In late April 1966, I walked over to Brunswick Street and took a couple of photos of old houses. In the photo above, a boy looks back at the camera (a fixed focus Kodak) suddenly evoking the final shot in Truffaut’s touching, drama 400 Blows (Les Quatre Cents Coups). From the beginning that was the miracle of photography; to frame a view or preserve a moment. Later you might discover what it meant.
The rest of my photos that day had to age a few decades before they became interesting. I had gone to Brunswick Street because Heritage Trust was raising awareness that the street was lined with the once grand homes of wealthy merchants. I didn’t know anything about old houses so now it is interesting to see what I selected to photograph.
The quoins (cornerstones) make this robust 1859 house unusual (to my eye it looks like the roof and dormers were modernized in the later 19th century). Its first resident was John Starr who manufactured the famous ice skates in Dartmouth. Last Sunday I was part of the human river that flowed past the site of his factory on Sawmill River in Dartmouth.
The Anderson House is a good example of the most popular Halifax house form in the 19th century. A couple of years after my visit we would all learn to point at the roof and say Scottish dormers. When I posted this picture on Facebook last year many people remembered the Arsenault family that lived in the house in the 60s. One person was particularly enchanted with Mrs. Arsenault’s cinnamon loaf.
What attracted my eye here were the four flue, brick chimneys (I was so enthralled I cut off the bottom of the house). Today I would also be excited by the asphalt “brick” siding. Turned out this was the house of Sir Sandford Fleming (of Fleming Park and developer of standard time). The house became an early example of careful rehabilitation in the mid 70s and a cautionary tale when it succumbed to financial problems. It is now a half-way house.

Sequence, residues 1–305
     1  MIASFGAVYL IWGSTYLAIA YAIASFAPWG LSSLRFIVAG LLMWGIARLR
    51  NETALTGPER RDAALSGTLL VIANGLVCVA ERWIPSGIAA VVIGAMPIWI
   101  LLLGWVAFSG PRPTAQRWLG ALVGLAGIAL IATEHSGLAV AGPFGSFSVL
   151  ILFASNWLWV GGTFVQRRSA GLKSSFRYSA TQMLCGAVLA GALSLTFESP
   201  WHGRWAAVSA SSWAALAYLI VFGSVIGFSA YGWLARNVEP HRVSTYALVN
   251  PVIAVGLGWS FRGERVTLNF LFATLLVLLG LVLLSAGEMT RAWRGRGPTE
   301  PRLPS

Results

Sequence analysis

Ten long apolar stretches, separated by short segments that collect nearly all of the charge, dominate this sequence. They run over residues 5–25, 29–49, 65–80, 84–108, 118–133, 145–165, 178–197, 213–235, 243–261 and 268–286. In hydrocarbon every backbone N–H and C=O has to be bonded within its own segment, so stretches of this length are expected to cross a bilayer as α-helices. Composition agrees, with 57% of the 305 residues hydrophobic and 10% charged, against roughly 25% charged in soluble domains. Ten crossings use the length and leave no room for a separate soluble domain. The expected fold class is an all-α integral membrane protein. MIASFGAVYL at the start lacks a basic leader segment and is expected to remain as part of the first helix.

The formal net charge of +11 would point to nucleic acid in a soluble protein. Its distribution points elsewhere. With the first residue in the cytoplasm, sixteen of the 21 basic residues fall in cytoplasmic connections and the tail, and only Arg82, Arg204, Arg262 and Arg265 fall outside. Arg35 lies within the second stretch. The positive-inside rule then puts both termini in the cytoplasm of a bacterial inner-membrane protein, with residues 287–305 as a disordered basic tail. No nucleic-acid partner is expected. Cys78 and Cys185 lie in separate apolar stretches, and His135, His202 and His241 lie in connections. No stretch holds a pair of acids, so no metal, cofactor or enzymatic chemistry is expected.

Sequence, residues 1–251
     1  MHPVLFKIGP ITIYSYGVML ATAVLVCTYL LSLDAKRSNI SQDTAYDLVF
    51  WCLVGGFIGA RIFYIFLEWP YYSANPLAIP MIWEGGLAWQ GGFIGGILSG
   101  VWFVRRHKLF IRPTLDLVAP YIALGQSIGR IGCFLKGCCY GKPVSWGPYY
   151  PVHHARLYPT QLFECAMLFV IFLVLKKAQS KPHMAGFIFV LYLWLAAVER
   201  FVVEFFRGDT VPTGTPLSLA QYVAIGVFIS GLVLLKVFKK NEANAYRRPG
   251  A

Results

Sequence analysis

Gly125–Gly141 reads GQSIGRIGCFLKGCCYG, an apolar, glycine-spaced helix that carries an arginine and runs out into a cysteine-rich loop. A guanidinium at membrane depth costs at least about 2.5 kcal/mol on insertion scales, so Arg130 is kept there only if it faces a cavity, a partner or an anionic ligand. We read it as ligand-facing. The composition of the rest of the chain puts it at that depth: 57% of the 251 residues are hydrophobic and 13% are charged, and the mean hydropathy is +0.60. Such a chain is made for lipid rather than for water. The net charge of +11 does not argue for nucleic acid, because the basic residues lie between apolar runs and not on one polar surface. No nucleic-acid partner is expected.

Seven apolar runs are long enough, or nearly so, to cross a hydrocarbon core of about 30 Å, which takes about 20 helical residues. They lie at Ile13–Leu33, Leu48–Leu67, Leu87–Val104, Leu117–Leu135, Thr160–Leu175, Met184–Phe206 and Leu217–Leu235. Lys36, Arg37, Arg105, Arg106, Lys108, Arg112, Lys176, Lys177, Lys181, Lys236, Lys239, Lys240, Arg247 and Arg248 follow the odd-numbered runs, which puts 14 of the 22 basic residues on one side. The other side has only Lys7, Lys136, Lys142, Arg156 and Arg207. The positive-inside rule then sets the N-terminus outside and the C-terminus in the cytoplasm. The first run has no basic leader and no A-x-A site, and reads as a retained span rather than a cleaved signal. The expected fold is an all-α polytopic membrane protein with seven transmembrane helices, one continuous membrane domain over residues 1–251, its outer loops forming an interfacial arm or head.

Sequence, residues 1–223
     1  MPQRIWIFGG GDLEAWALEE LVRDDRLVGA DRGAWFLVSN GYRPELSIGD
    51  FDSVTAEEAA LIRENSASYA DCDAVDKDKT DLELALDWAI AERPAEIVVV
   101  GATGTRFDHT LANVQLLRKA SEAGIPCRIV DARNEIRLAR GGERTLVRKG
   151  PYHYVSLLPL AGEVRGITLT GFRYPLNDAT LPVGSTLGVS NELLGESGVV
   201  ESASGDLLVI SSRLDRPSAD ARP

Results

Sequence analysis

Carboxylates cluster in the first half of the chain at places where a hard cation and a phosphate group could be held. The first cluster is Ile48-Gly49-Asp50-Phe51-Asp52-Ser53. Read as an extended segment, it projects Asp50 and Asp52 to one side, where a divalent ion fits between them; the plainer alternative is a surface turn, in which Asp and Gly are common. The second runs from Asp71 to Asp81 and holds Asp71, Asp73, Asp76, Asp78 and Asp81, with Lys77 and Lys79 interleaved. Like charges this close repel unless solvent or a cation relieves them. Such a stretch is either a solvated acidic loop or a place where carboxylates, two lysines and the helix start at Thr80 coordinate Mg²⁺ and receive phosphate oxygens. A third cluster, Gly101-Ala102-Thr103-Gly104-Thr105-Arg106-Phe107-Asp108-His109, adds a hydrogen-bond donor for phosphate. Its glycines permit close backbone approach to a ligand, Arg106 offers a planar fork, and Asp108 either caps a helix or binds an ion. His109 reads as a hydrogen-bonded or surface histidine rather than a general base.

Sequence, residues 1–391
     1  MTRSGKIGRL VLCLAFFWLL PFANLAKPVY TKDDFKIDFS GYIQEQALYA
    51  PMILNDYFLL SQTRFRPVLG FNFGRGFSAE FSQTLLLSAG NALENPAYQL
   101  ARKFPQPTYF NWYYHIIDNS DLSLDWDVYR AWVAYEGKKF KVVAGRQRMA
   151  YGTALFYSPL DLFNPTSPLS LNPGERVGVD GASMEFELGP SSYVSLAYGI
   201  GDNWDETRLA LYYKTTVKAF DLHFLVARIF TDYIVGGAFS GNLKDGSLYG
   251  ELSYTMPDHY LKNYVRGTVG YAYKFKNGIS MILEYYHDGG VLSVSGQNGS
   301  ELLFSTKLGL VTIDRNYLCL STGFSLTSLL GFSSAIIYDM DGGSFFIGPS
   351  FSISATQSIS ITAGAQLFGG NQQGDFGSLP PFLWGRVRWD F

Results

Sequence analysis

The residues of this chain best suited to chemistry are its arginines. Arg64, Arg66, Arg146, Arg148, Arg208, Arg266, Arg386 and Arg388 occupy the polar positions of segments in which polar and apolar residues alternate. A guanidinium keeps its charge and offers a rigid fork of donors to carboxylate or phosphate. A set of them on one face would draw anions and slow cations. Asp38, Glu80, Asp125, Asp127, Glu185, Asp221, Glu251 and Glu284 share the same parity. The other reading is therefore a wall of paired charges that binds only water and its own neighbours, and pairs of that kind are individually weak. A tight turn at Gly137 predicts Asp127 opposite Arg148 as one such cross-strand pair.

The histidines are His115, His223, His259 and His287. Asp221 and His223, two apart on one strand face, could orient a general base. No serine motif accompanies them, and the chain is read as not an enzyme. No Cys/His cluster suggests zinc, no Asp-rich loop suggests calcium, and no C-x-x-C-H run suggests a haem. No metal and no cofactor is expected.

A double house that became well known in the 70s was the Nathaniel & William West House. It was restored and then became the studio for celebrity photographer Sherman Hines. In its rundown state the house feels wonderfully French. In the 70s there was a lot of worry about how to treat windows in old buildings that were put to new uses. Often the choice was a single sheet of glass – not the best choice in this situation IMO.
Sherman Hines also operated the West House Museum and used a swell illustration of the house.
While the house was being restored I photographed the iron railing with a West family monogram in the centre. Have you ever seen so many brackets?
My memory is that this wooden flower was on the door of the West House. My older photograph suggests I might be wrong.
And here is the full image of the photo I started with. Hope Cottage is in the foreground and the Little Dutch Church is barely visible in the distance. Many of the buildings survive in this section of the street but the character has, not surprisingly, changed. Some trees have been lost and fences have disappeared. You should go walk the street and take some photos. Fifty years from now folks will be fascinated.